Much A-Stew About Nothing
If 2011’s Carpet Remnant World was Stewart Lee’s ground-breaking psychedelic album, then Much a-Stew About Nothing could – as its title suggests – be his next batch of unfinished demos.
And on first listen it seems, that with a bit of work in the studio, there could be some more cult-classic comedy hits on the way soon.
Lee warns an expectant crowd from the outset that there will be no cleverly-woken narrative thread through this set tonight. Or even a backdrop. He confesses to having arrived armed only with a bundle of fresh ideas, three new set-pieces and an “optional encore – if you want it”, with the best bits set to find themselves polished then eventually put on the tele via the next series of Stewart Lee’s Comedy Vehicle.
But Lee is clearly still reeling from his last visit to the plush Lowry Theatre, which apparently ended badly. After being unable to resist the lure of engaging in a lengthy impromptu dialogue with a Maltese heckler, he was likewise unable to complete his planned show in time and left owing the venue money!
Keen to ensure this doesn’t happen again he quickly distinguishes an early enthusiastic shout-out. “This is not a two-way conversation Salford. This is very much a monologue.” Few comedians can get away with an instant assault on their paying public. But fans of his Comedy Vehicle know by now that it’s best not to back seat drive or question Lee’s often erratic driving. Nor his eventual destination. Just sit back, relax and enjoy the journey – from the post-modern to the surreal, and back again, via his observatory in Hackney.
Ironically though the highlight of a slow-burning first half did come from the audience member, who – to Lee’s delight – offered up “furry eggs”, as a response to the left-field question of what form would a mythical Griffin’s young take? Bird Eggs or Baby Lions? A beautifully bizarre improvised exchange.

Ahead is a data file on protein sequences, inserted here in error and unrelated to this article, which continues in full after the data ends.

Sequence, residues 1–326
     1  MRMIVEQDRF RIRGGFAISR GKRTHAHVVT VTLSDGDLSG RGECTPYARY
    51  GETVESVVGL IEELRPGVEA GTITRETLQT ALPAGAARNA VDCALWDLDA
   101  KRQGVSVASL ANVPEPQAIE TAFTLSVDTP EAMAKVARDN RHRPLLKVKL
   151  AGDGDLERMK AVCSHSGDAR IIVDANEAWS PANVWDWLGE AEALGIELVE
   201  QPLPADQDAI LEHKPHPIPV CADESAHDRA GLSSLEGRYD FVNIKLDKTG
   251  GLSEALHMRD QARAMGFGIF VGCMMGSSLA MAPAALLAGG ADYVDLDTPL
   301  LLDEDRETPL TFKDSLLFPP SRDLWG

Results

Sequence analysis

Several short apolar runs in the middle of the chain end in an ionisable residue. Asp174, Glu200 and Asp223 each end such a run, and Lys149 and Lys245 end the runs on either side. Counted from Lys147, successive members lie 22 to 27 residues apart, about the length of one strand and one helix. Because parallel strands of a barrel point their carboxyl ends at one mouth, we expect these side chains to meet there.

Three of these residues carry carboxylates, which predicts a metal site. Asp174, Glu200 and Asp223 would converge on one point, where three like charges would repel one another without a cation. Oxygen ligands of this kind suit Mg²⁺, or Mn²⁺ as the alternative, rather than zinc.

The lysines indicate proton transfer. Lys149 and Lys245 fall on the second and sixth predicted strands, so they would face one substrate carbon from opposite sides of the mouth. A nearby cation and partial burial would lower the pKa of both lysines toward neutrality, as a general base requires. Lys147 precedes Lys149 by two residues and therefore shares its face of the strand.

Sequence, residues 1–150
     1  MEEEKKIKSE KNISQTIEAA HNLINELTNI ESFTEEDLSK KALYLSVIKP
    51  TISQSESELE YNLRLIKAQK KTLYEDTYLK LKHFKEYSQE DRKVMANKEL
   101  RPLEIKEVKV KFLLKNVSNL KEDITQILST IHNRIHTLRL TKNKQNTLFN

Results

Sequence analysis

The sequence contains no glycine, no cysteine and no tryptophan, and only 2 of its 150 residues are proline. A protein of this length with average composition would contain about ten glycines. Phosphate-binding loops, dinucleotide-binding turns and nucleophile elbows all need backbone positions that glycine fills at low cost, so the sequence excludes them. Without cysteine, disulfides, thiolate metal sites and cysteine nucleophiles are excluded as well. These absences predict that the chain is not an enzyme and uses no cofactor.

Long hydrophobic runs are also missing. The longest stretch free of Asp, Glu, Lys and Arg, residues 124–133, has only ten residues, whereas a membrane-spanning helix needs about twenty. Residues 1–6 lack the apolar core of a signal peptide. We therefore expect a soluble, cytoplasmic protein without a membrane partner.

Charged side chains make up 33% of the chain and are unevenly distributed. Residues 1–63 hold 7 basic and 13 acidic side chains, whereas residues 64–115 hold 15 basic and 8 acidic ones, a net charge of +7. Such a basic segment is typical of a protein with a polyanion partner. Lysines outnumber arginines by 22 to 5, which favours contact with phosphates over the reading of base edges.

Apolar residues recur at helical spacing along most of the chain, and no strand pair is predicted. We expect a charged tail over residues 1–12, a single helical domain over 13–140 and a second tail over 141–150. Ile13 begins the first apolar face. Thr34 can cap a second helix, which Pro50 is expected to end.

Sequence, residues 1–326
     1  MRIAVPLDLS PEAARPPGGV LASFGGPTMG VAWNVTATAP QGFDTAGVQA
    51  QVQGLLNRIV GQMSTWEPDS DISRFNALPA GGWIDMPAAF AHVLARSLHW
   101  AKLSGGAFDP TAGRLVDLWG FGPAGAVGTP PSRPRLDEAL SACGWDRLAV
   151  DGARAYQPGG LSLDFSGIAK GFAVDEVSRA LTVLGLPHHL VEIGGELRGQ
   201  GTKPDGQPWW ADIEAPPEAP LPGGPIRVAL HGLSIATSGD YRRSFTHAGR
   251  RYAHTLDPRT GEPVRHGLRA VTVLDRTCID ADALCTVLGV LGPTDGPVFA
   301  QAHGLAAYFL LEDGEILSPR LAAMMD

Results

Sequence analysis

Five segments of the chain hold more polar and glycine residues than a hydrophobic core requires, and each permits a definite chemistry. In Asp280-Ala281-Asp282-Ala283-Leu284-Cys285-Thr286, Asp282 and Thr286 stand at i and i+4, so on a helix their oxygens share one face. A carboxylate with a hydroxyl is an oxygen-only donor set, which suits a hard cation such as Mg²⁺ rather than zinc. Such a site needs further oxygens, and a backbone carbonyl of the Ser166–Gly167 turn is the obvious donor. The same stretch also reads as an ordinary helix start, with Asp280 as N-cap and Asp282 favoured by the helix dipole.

After apologising for his first half faux pas of referring to Salford as Manchester – which brought groans from some residents of the Other City – Lee began to move through the comedy gears after the break.
The closest The Lowry came to rapture was after a startling piece of satire regarding a Merseyside politician’s rightist fears about the arrival of an influx of Bulgarian immigrants next year, on the basis that the best Bulgarians should stay where they are for the benefit of Bulgaria. Lee compares this to early mammals ordering the first landed fish back into the sea, and questions whether he himself would have as many fears about moving on from his Liverpool homeland if it would benefit his career.
Other highlights include an abstract reflection on the character traits of Lee’s imaginary black and gay wives – and the tragic-comic gasp around the room when he kills these fictional characters stone dead.
Towards the end Lee – intentionally or not – rolls out a few old hit singles of jokes that have appeared on other tours. But that’s pretty forgiveable for a man who so often pushes the boundaries, and he ends on some half-written jokes read off a piece of paper. With most acts you would feel short-changed in this situation, but with Lee it’s an insight into how he constructs and edits his hilarious world vision.
You get the impression that once it’s been fully MOT’d and given a lick of paint, Stewart Lee’s new comedy vehicle will soon be revved up to full throttle and driving straight up the alternative comedy charts once more.
Review by Paul Glynn
What: Stewart Lee, Much A-Stew About Nothing
Where: The Lowry, Salford Quays
When: touring, next event at The Lowry is February 3, 2013
Advertising and Sponsorship Opportunities
For advertising and sponsorship opportunities contact Northern Soul’s Founder and Editor Helen Hugent at firstname.lastname@example.org.
Sign up for Northern Soul newsletter
The Northern Soul Poll
Recent Tweets for @Northern_Soul_
Proper happy with the latest edition to the walls of Northern Soul Towers. pic.twitter.com/GmKjdRb8Dd
Right Good Mid-Week Read: Notes from an Exhibition by Patrick Gale pic.twitter.com/WiCGjdomf8
“Where language is beyond some individuals, music becomes that language.” Helena Bull, Project Manager at Manchester Camerata's Community Team, writes about its dementia programme. northernsoul.me.uk/where-lang… @MancCamerata @TheMonasteryMcr #DementiaActionWeek @alzheimerssoc pic.twitter.com/rI5TQdE8jd
"Is there still enough fuel in the tank?" Theatre Review – Alan Partridge: Stratagem, Liverpool M&S Bank Arena northernsoul.me.uk/theatre-re… ⭐️⭐️⭐️⭐️ @MrGeetsRomo #AlanPartridge pic.twitter.com/pTeJVNghXC